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Which translation? #133408
06/03/02 05:02 PM
06/03/02 05:02 PM
Joined: Apr 2002
Posts: 268
Chatham, ON Canada
Gideon Offline OP
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Chatham, ON Canada
Which translation is most commonly used by Orthodox Christians and why? confused


Abba Isidore the Priest:
When I was younger and remained in my cell I set no limit to prayer; the night was for me as much the time of prayer as the day.
(p. 97, Isidore 4)
Re: Which translation? #133409
06/03/02 05:39 PM
06/03/02 05:39 PM
Joined: Oct 1998
Posts: 324
Frostbite Falls, Minnesota, US...
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Moose Offline
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Frostbite Falls, Minnesota, US...
There are many translations in use by the English-speaking Orthodox:

1. Authorized Version / King James Version - The first monumental translations of the Byzantine liturgy was done by Isabel Hapgood in the early 1900's. It mimicked the Elizabethan style of English used in the Anglican Church. It was an excellent publication is I'd wager that there is not a single Byzantine parish (Orthodox or Catholic) that does not still have a copy of it in a handy place. There are several editions of the Gospel and Epistle lectionaries available. In recent years, the publication of the Orthodox Study Bible (NT) has introduced the New King James Version. I like the footnotes but prefer other translations.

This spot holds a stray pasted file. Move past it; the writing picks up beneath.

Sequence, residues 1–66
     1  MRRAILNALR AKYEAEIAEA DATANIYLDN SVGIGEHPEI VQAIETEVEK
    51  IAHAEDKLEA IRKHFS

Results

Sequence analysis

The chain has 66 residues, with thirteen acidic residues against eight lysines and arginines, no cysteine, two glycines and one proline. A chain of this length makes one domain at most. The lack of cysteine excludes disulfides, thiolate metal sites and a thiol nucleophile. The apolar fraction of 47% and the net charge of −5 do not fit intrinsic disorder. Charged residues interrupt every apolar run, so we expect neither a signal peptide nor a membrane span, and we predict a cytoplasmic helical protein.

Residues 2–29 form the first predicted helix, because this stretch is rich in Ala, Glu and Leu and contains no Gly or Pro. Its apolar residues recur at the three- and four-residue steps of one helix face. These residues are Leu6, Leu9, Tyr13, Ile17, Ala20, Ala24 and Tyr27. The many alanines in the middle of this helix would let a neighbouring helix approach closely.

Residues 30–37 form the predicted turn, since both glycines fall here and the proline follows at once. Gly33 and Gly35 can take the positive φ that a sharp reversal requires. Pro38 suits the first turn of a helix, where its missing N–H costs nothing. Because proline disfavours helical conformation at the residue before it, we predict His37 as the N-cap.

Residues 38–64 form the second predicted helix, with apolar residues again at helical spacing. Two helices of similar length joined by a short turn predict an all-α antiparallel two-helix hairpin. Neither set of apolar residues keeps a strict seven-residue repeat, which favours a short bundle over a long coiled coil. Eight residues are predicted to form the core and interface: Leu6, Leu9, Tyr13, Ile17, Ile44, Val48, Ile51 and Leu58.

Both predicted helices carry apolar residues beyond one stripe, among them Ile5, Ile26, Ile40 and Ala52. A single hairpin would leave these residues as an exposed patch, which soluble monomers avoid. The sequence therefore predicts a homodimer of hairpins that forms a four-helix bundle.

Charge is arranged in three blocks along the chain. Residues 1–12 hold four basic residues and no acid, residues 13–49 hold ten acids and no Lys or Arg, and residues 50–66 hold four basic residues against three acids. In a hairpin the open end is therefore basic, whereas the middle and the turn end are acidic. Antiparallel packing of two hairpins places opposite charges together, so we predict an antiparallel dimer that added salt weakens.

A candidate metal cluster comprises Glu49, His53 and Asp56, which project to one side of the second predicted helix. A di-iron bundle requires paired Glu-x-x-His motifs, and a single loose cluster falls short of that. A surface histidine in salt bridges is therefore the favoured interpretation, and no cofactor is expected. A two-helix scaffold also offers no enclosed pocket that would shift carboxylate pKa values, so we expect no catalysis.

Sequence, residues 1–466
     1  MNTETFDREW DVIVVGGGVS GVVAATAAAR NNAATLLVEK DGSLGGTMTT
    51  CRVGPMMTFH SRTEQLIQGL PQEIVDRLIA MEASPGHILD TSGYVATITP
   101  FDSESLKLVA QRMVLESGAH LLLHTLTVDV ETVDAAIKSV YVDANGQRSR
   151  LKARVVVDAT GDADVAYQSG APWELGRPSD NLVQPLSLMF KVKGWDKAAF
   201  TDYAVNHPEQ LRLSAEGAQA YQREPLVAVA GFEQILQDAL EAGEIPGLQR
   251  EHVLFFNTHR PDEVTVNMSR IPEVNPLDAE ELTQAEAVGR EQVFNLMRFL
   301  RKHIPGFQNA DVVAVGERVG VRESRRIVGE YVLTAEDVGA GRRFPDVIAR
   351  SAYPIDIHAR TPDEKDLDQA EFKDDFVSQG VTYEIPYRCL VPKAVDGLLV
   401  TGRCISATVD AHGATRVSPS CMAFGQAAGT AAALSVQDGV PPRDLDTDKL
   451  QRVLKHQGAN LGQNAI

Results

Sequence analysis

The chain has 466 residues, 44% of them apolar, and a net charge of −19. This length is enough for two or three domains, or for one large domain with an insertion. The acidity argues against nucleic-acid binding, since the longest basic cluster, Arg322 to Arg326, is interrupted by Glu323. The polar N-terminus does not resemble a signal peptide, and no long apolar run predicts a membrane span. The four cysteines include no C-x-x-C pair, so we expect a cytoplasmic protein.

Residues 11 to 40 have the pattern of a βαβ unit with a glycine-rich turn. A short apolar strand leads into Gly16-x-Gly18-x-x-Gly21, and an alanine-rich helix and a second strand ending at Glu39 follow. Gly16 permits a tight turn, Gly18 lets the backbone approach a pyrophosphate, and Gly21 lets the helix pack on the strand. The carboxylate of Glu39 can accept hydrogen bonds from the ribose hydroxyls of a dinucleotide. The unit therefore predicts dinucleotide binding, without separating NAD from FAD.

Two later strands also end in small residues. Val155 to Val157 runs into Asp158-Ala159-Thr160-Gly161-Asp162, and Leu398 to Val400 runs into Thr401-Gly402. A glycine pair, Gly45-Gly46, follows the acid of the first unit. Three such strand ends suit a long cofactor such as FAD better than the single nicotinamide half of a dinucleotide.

2. Revised Standard Version (CE) - Very common as the language is more understandable than the KJV. The Antiochian Orthodox seem to use this translation more than the Slavic Orthodox Churches.

3. New American Bible - The Byzantine Catholic Church published a full Gospel and Epistle lectionary using this translation in the 1960's and it is the dominant one in use in most of the Byzantine Catholic Churches (although some do prefer the RSV). It is also the most commonly one used in the Johnstown Orthodox Churches (most likely since they use American English in the celebration of the Divine Services).

It is curious that many of the Orthodox Churches have chosen to embrace a style of English that is no longer the vernacular. I know that the OCA approved the use of American English but I do not know of any parishes using it or if they have an approved American English translation of the liturgical texts. The Evangelical Orthodox mission of the Antiochian Orthodox Church used American English for a number of years but was directed to return to Elizabethan usage. That was a mistake in my opinion.

Re: Which translation? #133410
06/05/02 07:05 PM
06/05/02 07:05 PM
Joined: Jun 2002
Posts: 441
McKees Rocks, PA
Fr. Thomas Offline
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Quote
Originally posted by Odo:
Which translation is most commonly used by Orthodox Christians and why? confused